# 2 – Date With the Night
This first single from Fever to Tell is one of those songs which really needs to be seen live to be believed. Karen O is surely one of the most compelling front (wo)men of the 21st century, and on Date With the Night, in particular, it’s truly an unparalleled treat to see her do what she does best. From her jagged, juddery dance moves to her always pristine makeup – somehow never phased by the inevitable sweat running down her face as she screams her heart out during the song’s climax – she is every inch an indie goddess.
It helps, of course, that Date With the Night is without doubt one of the band’s most immediate and savage songs, with its arresting central guitar riff – which doesn’t stop for even a second – complimented perfectly by a surprisingly complicated drum beat. Not to mention the completely bonkers, almost feral way that Karen O delivers the song’s “Choke” hook.
This modern indie punk rock classic perfectly captures the feel of youthful hedonism, the belief that the world is your oyster and that anything is possible. It’s no surprise that it was a key part of the soundtrack of the seminal British teen drama Skins. The rugged guitar on Date With the Night is the perfect compliment to Karen O’s purred punk vocals, indisputably marking this track as one of the best the band have ever produced.
# 1 – Heads Will Roll
The chorus of this second single from It’s Blitz! features a famous line from Lewis Caroll’s Alice in Wonderland and, upon first hearing it, listeners will indeed feel like they have been transported “down the rabbit hole.” But rather than mad hatters and talking animals, Heads Will Roll invites you to a world of dangerous disco, where slinky and glittery synths can barely hide their ominous intent.
This is definitely the band’s most lush production, with stirring drum rolls and guitar shreds rubbing uneasily against sparkly synthpop chords and Karen O’s crisp and commanding tones. The song seems to be about rave and clubbing culture, so it’s ironic that the song’s A-Trak remix received considerable club attention after the song’s release. In fact, the song’s instrumental perfectly captures the club experience, with the intro echoing the initial excited nervousness upon first entering, and the introduction of the drum beat suggesting getting caught up in a great track. Similarly, the song’s infectious chorus is easily the band’s most memorable and is perfect for club-like audience participation. Whatever setting you see the song played in, it’s like seeing the crowd willingly sacrificing themselves at the Altar of O.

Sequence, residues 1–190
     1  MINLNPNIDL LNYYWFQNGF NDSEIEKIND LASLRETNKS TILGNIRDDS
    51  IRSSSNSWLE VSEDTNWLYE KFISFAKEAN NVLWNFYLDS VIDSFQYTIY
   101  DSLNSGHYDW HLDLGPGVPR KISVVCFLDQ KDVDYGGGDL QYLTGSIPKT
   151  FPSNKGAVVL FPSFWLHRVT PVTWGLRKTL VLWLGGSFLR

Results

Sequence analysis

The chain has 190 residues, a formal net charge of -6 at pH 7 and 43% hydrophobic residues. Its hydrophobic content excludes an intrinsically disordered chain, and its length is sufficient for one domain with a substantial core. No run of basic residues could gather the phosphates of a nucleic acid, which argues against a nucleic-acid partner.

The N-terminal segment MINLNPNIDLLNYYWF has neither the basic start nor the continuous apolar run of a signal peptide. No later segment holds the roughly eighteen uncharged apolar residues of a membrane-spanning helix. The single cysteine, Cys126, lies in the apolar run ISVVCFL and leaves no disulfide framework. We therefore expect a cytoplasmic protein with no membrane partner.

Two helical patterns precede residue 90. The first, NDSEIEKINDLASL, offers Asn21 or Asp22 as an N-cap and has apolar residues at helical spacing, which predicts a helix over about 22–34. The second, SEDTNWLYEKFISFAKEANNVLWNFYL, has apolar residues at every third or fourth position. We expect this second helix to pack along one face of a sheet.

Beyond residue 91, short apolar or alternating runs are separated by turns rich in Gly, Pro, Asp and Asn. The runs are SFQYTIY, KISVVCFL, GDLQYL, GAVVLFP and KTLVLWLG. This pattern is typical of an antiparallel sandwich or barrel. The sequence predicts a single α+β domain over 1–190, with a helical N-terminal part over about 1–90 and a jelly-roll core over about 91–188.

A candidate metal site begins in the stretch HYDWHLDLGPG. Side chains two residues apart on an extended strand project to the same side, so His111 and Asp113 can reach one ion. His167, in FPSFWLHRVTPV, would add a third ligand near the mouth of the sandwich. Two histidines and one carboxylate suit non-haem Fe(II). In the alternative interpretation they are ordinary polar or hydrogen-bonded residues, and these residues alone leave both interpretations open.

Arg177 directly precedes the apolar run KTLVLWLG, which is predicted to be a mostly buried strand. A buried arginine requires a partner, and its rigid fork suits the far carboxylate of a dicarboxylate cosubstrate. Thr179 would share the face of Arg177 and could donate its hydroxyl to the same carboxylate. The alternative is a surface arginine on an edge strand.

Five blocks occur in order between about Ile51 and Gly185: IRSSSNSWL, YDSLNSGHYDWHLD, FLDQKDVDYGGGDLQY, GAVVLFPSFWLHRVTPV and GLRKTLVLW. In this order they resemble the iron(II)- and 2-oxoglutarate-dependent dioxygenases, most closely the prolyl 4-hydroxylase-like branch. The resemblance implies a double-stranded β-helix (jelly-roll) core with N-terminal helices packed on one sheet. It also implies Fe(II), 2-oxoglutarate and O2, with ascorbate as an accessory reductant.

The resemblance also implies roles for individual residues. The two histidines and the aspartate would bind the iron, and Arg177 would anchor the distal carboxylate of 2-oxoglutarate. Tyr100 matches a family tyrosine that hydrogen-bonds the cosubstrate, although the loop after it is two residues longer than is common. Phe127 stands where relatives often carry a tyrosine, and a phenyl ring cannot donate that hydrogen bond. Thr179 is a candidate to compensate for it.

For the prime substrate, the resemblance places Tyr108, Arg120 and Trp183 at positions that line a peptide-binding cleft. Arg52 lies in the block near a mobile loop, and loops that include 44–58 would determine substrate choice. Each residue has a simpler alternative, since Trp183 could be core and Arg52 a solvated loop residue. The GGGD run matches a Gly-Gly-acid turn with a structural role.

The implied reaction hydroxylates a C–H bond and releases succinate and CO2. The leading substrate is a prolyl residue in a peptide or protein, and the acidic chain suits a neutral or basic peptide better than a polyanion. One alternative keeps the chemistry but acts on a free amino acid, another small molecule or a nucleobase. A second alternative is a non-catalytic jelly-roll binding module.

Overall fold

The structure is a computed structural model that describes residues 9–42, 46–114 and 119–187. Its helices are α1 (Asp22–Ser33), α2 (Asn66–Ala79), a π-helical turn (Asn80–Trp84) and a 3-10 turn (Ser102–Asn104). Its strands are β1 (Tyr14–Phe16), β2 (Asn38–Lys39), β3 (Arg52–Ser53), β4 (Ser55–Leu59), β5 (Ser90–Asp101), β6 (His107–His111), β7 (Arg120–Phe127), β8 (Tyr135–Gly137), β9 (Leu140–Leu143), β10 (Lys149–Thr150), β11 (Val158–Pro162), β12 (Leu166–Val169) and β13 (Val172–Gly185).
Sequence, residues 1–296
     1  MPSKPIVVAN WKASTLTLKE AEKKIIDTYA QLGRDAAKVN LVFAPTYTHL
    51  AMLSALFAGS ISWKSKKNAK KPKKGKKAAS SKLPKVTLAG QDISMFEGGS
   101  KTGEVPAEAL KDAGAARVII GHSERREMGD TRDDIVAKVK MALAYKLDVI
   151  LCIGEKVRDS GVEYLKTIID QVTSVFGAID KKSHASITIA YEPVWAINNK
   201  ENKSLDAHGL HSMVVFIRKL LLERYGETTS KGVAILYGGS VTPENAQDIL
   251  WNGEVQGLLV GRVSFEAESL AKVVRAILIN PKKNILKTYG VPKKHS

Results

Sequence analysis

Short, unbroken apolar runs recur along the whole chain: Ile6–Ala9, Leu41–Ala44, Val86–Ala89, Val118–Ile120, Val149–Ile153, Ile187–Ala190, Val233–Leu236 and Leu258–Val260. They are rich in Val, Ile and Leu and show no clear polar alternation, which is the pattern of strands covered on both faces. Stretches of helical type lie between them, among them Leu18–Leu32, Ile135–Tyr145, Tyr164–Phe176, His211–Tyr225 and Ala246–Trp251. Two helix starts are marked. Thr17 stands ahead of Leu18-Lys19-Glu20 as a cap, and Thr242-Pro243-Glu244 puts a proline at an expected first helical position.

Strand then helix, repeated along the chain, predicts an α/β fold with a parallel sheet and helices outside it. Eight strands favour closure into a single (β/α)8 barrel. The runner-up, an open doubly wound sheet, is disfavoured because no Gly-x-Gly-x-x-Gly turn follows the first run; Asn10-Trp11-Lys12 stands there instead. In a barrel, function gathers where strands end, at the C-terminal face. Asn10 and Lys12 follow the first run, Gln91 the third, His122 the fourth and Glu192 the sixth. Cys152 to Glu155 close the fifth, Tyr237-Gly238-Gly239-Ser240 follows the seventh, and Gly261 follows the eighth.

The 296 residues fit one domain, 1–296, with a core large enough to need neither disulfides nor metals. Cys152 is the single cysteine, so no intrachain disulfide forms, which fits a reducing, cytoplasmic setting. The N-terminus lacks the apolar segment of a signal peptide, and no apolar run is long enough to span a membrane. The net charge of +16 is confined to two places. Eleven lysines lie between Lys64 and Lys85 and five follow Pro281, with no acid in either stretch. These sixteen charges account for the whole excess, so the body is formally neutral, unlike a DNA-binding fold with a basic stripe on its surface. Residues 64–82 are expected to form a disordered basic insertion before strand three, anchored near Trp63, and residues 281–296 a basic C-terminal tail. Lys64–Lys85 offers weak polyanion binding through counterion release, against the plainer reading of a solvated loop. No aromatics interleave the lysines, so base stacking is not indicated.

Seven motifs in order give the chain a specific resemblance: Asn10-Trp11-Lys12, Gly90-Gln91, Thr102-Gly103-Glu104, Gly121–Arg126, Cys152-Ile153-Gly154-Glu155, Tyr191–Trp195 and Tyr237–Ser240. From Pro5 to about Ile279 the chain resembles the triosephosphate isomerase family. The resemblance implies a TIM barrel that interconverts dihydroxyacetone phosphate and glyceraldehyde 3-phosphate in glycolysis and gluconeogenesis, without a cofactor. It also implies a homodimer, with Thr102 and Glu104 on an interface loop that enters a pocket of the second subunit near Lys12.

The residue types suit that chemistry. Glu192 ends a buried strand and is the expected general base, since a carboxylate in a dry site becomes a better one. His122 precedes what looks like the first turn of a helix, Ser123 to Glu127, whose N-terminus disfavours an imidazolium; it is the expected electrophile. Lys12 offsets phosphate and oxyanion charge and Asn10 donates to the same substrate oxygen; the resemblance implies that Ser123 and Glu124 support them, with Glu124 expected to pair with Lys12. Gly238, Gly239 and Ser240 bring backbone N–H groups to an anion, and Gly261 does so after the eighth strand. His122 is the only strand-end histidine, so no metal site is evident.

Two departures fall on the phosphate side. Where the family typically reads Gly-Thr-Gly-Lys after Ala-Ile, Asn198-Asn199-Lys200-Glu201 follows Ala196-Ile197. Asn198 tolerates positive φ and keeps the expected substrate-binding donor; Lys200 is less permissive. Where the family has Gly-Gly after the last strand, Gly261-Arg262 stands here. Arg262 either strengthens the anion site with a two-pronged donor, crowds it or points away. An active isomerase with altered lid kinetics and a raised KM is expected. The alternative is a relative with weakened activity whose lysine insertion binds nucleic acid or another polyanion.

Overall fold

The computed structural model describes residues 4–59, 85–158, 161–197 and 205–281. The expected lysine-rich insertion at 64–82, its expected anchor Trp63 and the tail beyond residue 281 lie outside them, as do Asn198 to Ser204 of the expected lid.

The violent disco vibe was a particularly clever choice for the band to make, allowing them to experiment with a more electronic/dance sound without alienating fans or being accused of selling out. The track manages to be both uplifting and unnerving at the same time, forming the perfect vibe for this anxious disco rock masterpiece. This is truly the band at their greatest; Heads Will Roll is a transcendent synthpop/dance punk magnum opus.
Since their first release back in 2000 Yeah Yeah Yeah’s have become an important and influential indie band. With a discography spanning genres like indie rock, garage rock, art punk and synthpop, their albums are bursting with exciting and varied sounds and ideas. Despite going on hiatus in 2014, the edgy trio’s presence still resonates in indie circles to this day. Yeah Yeah Yeahs may be gone, but with a back catalog like this, they will never be forgotten.